Researcher, lecturer and international consultant, specialized in the social and economic impact of technical change and in the historically changing conditions for growth, development and competitiveness.
ON THE BOARDWhy IT and the green economy are the real answer to the financial crisis
'The whole discussion about how to overcome the financial crisis and its consequences on the economy is wrongly focused. Getting public finances in order and the financial world back on its feet will not bring the world economy back to business as usual. Healthy finance with a languid real economy will naturally find new ways of casino behaviour.'
'What is needed is a set of policies that will decidedly tilt the playing field in such a way that finance would find it more profitable to fund production than to gamble in derivatives or futures, while production, in turn, would find clear pathways to profitable innovation and expansion. We are facing a recurring twice-in-a-century event, equivalent to the 1930s after the crash of 1929, which needs to be understood to find effective solutions.'
This article first appeared in Green Alliance's magazine Inside Track.
You may also like to read:The New Technological Revolution
"...History can teach us a lot. Innovation has indeed always been the driver of growth and the main source of increasing productivity and wealth. But every technological revolution has brought two types of prosperity. The first type is turbulent and exciting like the bubbles of the 1990s and 2000s and like the Roaring twenties, the railway mania and the canal mania before. They all ended in a bubble collapse. Yet, after the recession, there came the second type: the Victorian boom, the Belle Époque, the Post War Golden Age and… the one that we could have ahead now. Bubble prosperities polarise incomes; Golden Ages tend to reverse the process.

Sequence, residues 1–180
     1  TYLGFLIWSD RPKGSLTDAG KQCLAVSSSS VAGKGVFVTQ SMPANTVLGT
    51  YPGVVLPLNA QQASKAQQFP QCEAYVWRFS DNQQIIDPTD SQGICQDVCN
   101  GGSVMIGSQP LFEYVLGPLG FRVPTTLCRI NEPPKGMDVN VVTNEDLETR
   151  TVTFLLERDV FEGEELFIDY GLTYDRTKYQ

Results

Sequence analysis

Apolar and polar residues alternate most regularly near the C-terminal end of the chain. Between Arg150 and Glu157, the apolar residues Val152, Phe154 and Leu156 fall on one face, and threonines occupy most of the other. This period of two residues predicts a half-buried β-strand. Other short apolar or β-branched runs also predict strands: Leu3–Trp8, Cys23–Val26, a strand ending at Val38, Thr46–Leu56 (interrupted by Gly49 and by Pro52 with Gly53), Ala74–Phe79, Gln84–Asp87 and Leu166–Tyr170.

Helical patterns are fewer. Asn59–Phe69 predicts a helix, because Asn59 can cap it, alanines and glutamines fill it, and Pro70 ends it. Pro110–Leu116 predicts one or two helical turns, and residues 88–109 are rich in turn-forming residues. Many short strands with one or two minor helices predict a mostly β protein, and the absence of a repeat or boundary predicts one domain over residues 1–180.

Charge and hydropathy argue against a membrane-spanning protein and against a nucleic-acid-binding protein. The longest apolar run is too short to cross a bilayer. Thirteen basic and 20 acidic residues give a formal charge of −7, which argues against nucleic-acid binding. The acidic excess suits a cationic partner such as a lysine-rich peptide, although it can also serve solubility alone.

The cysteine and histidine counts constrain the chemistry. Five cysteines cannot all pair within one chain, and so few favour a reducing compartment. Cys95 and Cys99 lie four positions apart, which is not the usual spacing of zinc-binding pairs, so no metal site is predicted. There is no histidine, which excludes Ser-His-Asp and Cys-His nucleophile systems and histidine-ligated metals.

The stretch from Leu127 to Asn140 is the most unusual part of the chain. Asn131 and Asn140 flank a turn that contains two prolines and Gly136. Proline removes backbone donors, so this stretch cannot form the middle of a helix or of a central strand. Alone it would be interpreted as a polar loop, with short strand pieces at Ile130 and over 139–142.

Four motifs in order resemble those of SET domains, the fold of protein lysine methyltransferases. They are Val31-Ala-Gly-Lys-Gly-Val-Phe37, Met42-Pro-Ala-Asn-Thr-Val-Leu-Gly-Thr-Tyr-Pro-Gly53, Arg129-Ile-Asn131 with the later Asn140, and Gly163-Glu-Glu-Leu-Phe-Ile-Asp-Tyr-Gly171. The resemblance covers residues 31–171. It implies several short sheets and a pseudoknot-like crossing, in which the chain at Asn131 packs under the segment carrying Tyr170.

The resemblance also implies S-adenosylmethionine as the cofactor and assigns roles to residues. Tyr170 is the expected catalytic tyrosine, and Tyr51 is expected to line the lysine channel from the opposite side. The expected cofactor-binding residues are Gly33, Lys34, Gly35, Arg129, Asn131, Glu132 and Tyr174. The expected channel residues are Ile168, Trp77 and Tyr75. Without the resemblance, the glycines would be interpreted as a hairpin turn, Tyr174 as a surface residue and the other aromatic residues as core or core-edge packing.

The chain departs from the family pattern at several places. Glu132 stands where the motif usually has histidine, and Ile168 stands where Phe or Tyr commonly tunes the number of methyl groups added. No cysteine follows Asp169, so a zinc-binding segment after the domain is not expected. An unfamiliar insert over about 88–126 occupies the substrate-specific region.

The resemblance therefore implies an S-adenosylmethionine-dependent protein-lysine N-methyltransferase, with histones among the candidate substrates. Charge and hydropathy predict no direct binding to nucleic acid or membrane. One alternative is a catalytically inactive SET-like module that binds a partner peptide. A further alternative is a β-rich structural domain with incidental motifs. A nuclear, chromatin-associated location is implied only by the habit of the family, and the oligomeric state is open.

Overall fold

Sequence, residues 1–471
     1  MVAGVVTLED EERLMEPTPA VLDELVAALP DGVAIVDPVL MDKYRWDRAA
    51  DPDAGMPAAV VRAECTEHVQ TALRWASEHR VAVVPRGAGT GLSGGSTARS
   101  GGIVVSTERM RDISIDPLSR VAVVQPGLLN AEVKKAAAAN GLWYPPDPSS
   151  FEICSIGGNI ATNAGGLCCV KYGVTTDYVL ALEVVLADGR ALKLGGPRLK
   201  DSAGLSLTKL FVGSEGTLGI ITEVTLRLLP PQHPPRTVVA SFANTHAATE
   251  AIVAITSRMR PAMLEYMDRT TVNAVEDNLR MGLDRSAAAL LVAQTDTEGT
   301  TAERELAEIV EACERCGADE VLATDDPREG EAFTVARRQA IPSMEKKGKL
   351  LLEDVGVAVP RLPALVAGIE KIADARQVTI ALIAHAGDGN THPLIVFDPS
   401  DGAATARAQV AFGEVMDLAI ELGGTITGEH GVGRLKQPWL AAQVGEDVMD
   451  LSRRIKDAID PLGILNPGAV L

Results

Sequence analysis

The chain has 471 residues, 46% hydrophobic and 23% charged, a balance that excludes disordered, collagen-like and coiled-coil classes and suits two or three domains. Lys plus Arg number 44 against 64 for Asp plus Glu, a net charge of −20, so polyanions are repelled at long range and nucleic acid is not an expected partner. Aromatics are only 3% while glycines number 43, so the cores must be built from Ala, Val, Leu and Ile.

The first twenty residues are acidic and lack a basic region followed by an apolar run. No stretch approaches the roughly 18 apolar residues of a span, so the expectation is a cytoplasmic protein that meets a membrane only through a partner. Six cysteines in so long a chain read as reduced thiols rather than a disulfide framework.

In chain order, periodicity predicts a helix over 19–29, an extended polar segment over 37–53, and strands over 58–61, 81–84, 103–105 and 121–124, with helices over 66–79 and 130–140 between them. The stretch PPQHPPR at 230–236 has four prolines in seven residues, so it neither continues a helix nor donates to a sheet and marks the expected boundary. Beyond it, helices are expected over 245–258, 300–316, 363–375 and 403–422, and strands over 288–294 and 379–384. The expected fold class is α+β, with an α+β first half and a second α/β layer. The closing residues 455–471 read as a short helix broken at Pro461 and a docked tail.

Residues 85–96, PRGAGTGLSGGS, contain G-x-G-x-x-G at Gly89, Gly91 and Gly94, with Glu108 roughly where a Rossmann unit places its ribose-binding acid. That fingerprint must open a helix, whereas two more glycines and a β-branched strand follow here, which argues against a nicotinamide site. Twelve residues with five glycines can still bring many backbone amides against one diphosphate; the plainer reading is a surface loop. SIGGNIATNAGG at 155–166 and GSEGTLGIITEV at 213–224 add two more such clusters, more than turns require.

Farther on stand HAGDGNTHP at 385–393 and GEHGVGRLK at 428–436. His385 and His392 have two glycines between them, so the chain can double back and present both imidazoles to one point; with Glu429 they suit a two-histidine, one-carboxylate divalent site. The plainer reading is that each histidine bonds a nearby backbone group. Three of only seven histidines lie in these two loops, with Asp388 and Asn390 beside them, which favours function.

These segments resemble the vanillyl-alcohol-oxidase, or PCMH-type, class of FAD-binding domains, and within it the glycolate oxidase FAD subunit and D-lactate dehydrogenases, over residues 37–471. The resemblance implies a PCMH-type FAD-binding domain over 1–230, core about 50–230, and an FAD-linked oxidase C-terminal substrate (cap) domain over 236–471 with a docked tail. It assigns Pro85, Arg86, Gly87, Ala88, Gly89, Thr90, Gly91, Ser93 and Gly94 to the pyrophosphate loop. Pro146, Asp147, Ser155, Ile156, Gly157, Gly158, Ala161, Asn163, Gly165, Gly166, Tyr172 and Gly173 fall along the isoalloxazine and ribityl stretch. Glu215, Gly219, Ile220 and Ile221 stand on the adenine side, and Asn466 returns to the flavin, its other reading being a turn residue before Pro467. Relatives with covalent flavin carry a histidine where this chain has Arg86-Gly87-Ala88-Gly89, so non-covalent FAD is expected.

The first prosperity of each revolution is a huge experiment for testing and choosing the new technologies and for installing the infrastructures (be they railways or electricity or internet). It is an intense process of creative destruction, of learning the new and unlearning the old, of getting rid of the dinosaurs. Innovation concentrates on the new industries (as we saw with the information revolution) and on modernizing all the other industries with the new paradigm. This time, it also concentrated on globalization.
The result is that the range of possible technological avenues is now immense. The power of information technology can enable almost any industry to make its own revolution: the world of medicine, the world of materials or that of biology, the creative industries, transport, energy, buildings, nanotechnology, stem cells, agriculture, 3D printing, robotics... Which is the next big thing? Nobody knows. There are no sure successes. They are all uncertain. But they are indeed powerful paths for innovation and wealth creation..."
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